How to Create a Balanced College List
On August 1st, the Common Application and many school-specific supplements were released and millions of rising seniors around the US and the world embarked on the college application process. The first and perhaps most important step in the application process is deciding which schools to apply to. Students should create a balanced list of reach, target, and likely schools that are a good academic and social fit. There are thousands of factors to consider when choosing which colleges to put on your final college application list, so do not be swayed by name recognition alone! To set your application journey off on the right foot, the expert team of counselors and advisors at IvyWise offer the following tips for creating a balanced list of colleges where you will be happy and successful.
We’ve said it before and we’ll say it again – students must conduct extensive research on several colleges in order to choose and apply to a balanced list of schools. In addition to helping you refine your choices, down the road this research will also enable you to personalize your applications and communicate to an admissions committee why you want to attend that school. Be sure to research prospective schools with as many sources as possible, including websites, college guidebooks (we like the Fiske Guide to Colleges), current students and alumni, and college visits. As you do your research, purge any schools from your list that do not meet your needs. Ideally, you will end up with a list of 10 to 15 “number one” schools, each of which you would be happy to attend.
Have a Conversation with Your High School Counselor
At the beginning of the school year, meet with your high school college counselor to evaluate and narrow down your list of schools. Keep in mind that colleges will evaluate your profile in relation to your peers at your high school, so your counselor can likely provide some insight here. A candid discussion about your course load, grades and class rank, extracurricular activities, and goals, will allow your counselor to honestly assess your college list and perhaps also allow him or her to suggest some additional schools that might be a good fit.
Reach, Target, and Likely, Oh My!
To create a balanced list, students must first understand what makes a school a reach, target, or likely so that they can categorize their list appropriately. Most schools have an area on their website that shows the admission profile of the most recent incoming class. These profiles include data such as the number of students who applied, were admitted, and enrolled, class rank, and standardized test scores.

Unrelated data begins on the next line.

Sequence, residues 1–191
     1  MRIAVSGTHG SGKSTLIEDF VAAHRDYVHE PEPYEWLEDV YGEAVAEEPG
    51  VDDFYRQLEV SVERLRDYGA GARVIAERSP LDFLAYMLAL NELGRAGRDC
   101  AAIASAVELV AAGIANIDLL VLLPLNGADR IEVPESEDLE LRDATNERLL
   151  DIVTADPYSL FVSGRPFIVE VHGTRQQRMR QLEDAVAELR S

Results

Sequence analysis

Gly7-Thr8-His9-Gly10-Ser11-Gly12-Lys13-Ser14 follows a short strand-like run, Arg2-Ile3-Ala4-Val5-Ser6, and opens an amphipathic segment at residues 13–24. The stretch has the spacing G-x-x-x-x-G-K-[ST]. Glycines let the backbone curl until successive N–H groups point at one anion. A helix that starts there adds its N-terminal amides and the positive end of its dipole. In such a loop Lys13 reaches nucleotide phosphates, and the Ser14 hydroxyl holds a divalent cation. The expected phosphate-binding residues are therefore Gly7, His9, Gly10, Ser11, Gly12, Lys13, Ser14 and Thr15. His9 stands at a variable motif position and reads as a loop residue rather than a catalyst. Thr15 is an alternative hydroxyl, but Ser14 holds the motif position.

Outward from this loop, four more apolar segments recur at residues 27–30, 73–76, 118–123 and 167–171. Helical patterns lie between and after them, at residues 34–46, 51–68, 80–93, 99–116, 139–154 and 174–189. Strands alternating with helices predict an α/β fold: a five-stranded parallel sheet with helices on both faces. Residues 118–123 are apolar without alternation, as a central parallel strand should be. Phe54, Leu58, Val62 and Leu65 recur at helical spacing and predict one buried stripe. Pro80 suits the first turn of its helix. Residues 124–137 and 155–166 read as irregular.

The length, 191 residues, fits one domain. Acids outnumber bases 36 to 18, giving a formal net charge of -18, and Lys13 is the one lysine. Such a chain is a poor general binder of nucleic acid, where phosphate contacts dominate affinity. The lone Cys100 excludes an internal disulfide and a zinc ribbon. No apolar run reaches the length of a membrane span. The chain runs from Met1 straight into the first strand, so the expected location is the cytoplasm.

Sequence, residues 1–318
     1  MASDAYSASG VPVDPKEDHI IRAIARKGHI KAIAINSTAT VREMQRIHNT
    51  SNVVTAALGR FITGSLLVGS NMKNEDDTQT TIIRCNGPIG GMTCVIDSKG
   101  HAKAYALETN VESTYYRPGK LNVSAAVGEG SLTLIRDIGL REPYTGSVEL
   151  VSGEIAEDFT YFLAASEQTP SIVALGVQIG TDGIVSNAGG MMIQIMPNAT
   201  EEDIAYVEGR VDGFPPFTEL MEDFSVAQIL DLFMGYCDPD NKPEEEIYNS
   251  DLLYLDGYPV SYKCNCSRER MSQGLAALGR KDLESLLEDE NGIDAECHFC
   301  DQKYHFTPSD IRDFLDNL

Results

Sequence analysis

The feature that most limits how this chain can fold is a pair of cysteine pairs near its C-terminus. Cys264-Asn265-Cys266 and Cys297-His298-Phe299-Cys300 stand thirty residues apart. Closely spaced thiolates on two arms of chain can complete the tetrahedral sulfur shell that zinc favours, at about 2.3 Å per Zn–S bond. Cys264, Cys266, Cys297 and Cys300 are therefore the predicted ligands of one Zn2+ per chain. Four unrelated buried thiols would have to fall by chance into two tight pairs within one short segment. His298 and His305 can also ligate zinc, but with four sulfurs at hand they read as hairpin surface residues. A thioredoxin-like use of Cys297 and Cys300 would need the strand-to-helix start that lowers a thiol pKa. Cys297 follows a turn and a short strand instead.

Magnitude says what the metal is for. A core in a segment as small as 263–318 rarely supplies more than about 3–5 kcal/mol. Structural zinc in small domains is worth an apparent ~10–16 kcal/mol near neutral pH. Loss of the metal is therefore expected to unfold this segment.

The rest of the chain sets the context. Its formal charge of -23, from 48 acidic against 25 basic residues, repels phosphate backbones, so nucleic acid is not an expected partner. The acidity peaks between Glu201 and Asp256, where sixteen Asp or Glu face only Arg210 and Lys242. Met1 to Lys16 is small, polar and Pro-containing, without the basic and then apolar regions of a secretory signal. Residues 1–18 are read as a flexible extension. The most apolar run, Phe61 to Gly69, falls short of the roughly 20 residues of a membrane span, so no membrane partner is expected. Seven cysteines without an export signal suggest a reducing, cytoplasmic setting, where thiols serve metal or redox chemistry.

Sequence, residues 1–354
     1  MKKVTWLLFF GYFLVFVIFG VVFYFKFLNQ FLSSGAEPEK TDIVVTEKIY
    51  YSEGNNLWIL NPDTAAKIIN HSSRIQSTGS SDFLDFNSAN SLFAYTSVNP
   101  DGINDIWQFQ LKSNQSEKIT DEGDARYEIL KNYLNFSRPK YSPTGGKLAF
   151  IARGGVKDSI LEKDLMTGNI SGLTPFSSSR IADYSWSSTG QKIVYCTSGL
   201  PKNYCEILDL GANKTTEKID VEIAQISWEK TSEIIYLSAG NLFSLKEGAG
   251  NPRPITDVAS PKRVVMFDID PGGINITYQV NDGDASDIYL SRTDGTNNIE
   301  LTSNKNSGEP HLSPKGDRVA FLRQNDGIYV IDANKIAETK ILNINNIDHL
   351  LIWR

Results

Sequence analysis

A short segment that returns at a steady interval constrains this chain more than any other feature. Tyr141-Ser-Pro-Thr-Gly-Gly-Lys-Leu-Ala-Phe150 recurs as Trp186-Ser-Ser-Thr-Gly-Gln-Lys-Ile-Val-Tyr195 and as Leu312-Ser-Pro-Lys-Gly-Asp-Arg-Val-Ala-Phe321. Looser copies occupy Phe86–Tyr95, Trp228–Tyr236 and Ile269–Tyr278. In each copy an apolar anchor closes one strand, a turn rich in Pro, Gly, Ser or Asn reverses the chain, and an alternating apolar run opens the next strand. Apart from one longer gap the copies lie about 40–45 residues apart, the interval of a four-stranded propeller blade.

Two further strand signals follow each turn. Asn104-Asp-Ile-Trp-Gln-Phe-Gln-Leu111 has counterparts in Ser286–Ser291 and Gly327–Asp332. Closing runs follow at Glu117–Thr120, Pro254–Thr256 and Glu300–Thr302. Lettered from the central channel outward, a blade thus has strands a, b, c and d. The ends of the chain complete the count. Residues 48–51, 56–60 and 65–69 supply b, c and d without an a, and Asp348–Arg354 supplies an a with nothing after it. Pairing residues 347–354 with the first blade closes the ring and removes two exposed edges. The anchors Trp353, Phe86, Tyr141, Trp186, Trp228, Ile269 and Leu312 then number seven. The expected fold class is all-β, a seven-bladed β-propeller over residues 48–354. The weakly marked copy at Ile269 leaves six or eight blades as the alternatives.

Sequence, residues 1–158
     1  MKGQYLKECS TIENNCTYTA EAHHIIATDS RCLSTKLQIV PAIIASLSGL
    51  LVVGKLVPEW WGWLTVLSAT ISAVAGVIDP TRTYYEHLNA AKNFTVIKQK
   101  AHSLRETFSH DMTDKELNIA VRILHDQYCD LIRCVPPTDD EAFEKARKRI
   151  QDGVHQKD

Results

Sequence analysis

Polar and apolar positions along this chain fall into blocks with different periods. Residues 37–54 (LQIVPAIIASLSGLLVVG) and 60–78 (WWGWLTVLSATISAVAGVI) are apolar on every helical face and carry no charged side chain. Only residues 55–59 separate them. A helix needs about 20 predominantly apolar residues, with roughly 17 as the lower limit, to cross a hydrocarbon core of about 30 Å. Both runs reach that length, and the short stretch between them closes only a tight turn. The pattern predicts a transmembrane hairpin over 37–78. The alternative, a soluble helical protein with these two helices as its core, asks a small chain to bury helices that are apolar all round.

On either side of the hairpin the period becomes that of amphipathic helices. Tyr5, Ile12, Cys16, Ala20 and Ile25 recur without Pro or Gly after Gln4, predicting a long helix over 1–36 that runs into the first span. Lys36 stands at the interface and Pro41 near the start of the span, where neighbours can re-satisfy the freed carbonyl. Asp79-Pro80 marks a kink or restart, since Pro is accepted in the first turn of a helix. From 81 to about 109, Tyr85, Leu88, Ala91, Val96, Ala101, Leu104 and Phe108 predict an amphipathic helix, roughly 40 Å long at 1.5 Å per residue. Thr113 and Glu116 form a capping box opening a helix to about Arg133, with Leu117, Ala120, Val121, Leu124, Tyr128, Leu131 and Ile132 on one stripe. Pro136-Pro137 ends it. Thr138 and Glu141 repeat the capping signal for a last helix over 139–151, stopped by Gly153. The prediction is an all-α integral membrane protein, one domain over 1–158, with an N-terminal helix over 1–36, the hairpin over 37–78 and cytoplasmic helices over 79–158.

Based on your own profile, categorize each school as a reach (less than 30 percent chance of gaining admission; your profile is not as strong as that of the middle 50 percent of admitted students), target (30-60 percent chance of admission; your profile is similar to that of the middle 50 percent of admitted students), or likely school (greater than 60 percent chance of admission; your academic profile is significantly stronger than that of the middle 50 percent of admitted students). For help calculating your chance of admission, use Chapter 4 in Dr. Kat’s book, The Truth About Getting In. At IvyWise, we advise students to apply to 3-4 reach schools, 4-5 target schools, and 2-3 likely schools.
Keep an Open Mind
There’s no one-size-fits-all when it comes to choosing a college. It’s a personal decision that should be based on the factors that are most meaningful to the student. Before our students add any school to their college list we ask, “Why this school?” Students should be able to answer this question about all of the schools on their college list. And we’re not the only ones who want to know – many colleges, including five of the Ivy League colleges, have a variation of the “Why this college?” question on their application. Once a student gets to know a college through intensive research, visits and other experiences, then he or she can decide if that school will be a good fit, regardless of reputation or where it falls on a publication’s ranking.
Jon Reider, the Director of College Counseling at San Francisco University High School and a former Senior Admissions Officer at Stanford University, advises students to, “Resist brands and ‘names.’ Ask yourself: ‘I know this is supposed to be a ‘good, even great’ college. But what do I really know about it? Can I name even one professor there? What is its philosophy?'”
Try this. Cover up the names of the schools and simply discuss academic course of study, professors, activities, student population, resources, surrounding community, etc., and try to envision yourself at that school. Could you see yourself enjoying classes and extracurricular activities there? Could you see yourself at that school for the next four years? When you focus on the experiences, a college might be cut even though its name was a very attractive one.
Many students get their hearts set on one school, and if they don’t get in, it’s the end of the world – that’s exactly the wrong attitude to have! With more than 3,000 colleges in the US, it is important for students to do the research to find a balanced list of schools that they would be equally excited to attend. IvyWise counselors love working with students to find the schools where they will be happy and successful, especially schools a student may not have heard of or that weren’t originally on a student’s radar. Ultimately, creating a comprehensive list now will ensure you’re not left hanging in the balance come decision time.
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